There was a woman I went to graduate school with, whom I generally found to be so stupid, I frequently wanted to beat her to death with a socket wrench when I talked to her. But the sun shines even on a dog’s ass every once in awhile, so it’s not surprising I found a paper she wrote in a class we shared to be wonderfully inventive and disarmingly insightful.
It was called “The Rhetoric of Mirrors,” which, don’t reach for that Back button just yet, hypothesized that our own gaze, when reflected back at us, altered our behavior in the same way as when we know we’re being watched by others. We perform for ourselves, and we attempt to impress the person on the other side of the mirror, even though we are ultimately alone with ourselves and needn’t put on this absurd façade.
She compared getting out of the shower and the state of being “naked” versus coming upon herself in the mirror and how she was no longer naked, but now “nude.” Reading those words on the screen, think about how each one makes you feel, and how different your reactions are to each. Her posture altered, her actions became much more intentional, and she worked to emphasize her best qualities while obfuscating or minimizing her less desirable ones.
This is all a roundabout way of saying I think this weight loss has given me some mild body dysmorphia.
It’s been six weeks since I wrote “Maintenance” and from where I started at 193 lbs, I weighed in yesterday morning at 188 lbs. I’m basically on schedule (or perhaps one pound behind) to hit my goal of being back down at 185 by St. Patrick’s Day. That’s great. So why am I still so paranoid?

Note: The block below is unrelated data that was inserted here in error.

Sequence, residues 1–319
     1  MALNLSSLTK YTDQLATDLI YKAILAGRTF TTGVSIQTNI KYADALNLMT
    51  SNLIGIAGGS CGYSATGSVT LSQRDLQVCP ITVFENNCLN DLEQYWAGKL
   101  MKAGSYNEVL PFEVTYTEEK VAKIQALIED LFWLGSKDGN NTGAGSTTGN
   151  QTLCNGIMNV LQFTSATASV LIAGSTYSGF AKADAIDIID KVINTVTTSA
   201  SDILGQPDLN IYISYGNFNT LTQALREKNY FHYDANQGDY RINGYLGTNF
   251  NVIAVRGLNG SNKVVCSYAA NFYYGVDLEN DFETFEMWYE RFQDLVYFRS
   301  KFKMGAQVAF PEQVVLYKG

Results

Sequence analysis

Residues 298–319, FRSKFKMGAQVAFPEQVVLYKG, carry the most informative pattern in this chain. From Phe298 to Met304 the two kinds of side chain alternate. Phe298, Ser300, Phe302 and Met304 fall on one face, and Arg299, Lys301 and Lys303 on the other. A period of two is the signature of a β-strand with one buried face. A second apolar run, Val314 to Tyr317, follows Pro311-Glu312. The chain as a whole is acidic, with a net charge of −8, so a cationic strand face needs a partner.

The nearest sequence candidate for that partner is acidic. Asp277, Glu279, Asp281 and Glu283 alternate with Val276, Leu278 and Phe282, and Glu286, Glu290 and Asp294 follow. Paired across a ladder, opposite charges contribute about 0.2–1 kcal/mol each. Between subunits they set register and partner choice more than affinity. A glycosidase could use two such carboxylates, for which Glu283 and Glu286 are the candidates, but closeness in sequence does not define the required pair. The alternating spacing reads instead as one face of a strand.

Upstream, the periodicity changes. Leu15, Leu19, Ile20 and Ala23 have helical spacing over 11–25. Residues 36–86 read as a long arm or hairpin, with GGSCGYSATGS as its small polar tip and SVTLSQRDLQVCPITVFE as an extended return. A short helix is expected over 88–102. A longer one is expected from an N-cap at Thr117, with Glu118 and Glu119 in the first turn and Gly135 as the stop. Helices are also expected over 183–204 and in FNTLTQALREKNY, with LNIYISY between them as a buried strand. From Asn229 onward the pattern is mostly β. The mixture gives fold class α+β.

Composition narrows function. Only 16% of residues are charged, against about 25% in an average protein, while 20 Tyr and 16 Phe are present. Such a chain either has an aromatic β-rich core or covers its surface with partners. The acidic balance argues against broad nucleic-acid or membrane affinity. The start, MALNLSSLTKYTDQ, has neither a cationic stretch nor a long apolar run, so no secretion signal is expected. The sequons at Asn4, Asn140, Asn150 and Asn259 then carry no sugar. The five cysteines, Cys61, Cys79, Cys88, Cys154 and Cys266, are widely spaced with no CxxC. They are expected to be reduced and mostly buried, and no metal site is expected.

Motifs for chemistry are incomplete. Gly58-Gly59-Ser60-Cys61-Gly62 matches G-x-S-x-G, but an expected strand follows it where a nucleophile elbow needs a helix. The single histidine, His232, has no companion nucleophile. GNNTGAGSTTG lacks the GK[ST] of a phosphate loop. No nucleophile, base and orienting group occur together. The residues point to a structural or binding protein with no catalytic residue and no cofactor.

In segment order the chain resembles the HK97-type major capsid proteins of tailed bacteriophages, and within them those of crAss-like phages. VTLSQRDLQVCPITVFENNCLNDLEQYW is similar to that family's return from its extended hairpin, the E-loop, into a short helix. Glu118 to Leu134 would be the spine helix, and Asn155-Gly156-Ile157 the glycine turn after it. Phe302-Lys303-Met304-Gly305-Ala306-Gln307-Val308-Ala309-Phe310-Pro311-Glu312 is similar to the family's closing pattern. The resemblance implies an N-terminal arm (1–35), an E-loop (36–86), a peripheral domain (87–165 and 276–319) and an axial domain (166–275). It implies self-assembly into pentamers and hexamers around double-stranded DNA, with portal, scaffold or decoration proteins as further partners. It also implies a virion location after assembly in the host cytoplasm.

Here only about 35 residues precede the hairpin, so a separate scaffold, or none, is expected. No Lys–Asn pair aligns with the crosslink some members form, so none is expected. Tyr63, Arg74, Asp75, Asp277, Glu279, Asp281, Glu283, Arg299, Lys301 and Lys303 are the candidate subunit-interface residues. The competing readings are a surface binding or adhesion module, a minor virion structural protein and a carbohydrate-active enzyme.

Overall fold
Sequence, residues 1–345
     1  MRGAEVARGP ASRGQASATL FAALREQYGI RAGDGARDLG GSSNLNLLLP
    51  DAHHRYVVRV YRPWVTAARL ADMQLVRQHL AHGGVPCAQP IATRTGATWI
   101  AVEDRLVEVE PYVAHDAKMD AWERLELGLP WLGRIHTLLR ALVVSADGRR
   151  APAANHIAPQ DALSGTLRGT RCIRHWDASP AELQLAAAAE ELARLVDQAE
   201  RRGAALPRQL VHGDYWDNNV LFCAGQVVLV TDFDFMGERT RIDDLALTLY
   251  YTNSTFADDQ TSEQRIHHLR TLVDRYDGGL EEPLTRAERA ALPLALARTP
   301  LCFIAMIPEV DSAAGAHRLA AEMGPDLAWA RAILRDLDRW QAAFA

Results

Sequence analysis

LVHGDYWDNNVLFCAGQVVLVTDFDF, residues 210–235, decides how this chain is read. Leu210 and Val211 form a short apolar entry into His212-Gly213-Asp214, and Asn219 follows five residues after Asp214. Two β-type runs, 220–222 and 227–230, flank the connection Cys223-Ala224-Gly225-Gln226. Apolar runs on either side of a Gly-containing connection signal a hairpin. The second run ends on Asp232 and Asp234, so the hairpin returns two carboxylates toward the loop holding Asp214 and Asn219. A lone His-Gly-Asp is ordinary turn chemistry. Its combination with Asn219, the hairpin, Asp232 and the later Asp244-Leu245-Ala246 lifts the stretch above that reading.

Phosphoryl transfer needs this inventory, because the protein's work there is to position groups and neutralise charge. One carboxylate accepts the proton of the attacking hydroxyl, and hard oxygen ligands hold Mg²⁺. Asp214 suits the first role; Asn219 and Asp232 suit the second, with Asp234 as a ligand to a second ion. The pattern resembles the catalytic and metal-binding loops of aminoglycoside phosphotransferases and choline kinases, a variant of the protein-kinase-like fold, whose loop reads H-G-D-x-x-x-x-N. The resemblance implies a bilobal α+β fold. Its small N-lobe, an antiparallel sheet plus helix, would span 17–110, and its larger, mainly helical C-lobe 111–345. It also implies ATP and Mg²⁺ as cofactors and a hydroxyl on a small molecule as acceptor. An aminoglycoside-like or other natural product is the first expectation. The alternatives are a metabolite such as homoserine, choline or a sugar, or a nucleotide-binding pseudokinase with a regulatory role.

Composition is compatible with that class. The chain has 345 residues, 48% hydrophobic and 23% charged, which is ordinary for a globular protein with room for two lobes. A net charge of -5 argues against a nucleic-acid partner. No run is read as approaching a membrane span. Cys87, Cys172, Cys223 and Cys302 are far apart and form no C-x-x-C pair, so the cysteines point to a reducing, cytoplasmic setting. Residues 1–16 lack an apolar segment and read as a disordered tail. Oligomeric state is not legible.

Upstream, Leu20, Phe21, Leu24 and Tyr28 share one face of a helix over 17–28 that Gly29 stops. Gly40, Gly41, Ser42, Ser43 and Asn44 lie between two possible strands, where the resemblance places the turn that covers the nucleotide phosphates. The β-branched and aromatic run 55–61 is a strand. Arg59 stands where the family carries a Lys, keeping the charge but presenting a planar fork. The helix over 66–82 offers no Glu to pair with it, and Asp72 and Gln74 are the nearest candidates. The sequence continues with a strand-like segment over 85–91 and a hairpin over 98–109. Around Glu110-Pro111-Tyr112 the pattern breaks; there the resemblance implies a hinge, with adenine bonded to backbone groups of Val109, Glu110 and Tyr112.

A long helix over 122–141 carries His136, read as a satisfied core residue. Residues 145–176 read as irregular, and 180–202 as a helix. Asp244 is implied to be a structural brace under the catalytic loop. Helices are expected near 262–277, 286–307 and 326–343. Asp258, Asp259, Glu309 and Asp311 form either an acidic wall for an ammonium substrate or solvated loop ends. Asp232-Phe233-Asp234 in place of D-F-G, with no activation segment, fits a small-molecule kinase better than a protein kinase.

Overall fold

I think it’s because the novelty of my body change has largely worn off and I’m used to seeing the new me nude in the mirror every morning. I used to marvel at how non-fat I now was and beam at how when I squeezed my gut between my hands like that Jon Reep joke, I had a bagel, and no longer an Angel Food Cake.
But now it’s been 6 months, this perception has normalized, and I’m back to being critical of myself. These last couple weeks have seen me eat like shit (but not nearly as bad as when I packed it on), so I was afraid (again… ugh) of getting on the scale. On a whim yesterday morning, I stepped on the scale, and bam! 188 lbs. Alright! Maintenance!
I genuinely had no idea what that number would be. Anywhere from the magic 185 (for reasons I couldn’t explain and probably just fantasized) all the way up to 195 were in the realm of possibility for me. Yet it was 188, just like it was two weeks prior when I got on the scale the last time.
When I was in the throes of losing weight, I could probably tell you every morning what I would weigh. I could pick up tiny fluctuations based on the previous day’s activities and foodstuffs. It was an obsession, and now without a finish line to cross – even though I’m well aware I claimed that wasn’t the goal, which it basically wasn’t – I’m finding it difficult to stay as driven as I once was. Attaining the seemingly unattainable will push you to move your ass like you’ve never moved it before.
Working to maintain the status quo is much less glamorous, and remaining within that 3 lb. spitting distance makes complacency easy. And appealing!
But I find flaws now where I once found exhilaration. Nitpicks where I used to stare in wonder. Fear where I once inspired hope. The journey of weight loss will make you euphoric. Once that wears off, the same cynical bastard who used to think all his problems would disappear if he just shed some of this fat ass is still there ready to find any number of faults that may or may not exist.
Granted, I still have my tether to reality. I still fit comfortably in size medium t-shirts, which was a fucking revelation since I previously hadn’t worn a size medium since probably middle school. My pants haven’t stretched in any weird ways. My face remains non-bloated looking in pictures.
Overall, I’m keeping this weight off, and I never want it back.
Never leaving however, is my self-critical eye. He can fuck right off whenever. But I don’t think he ever will.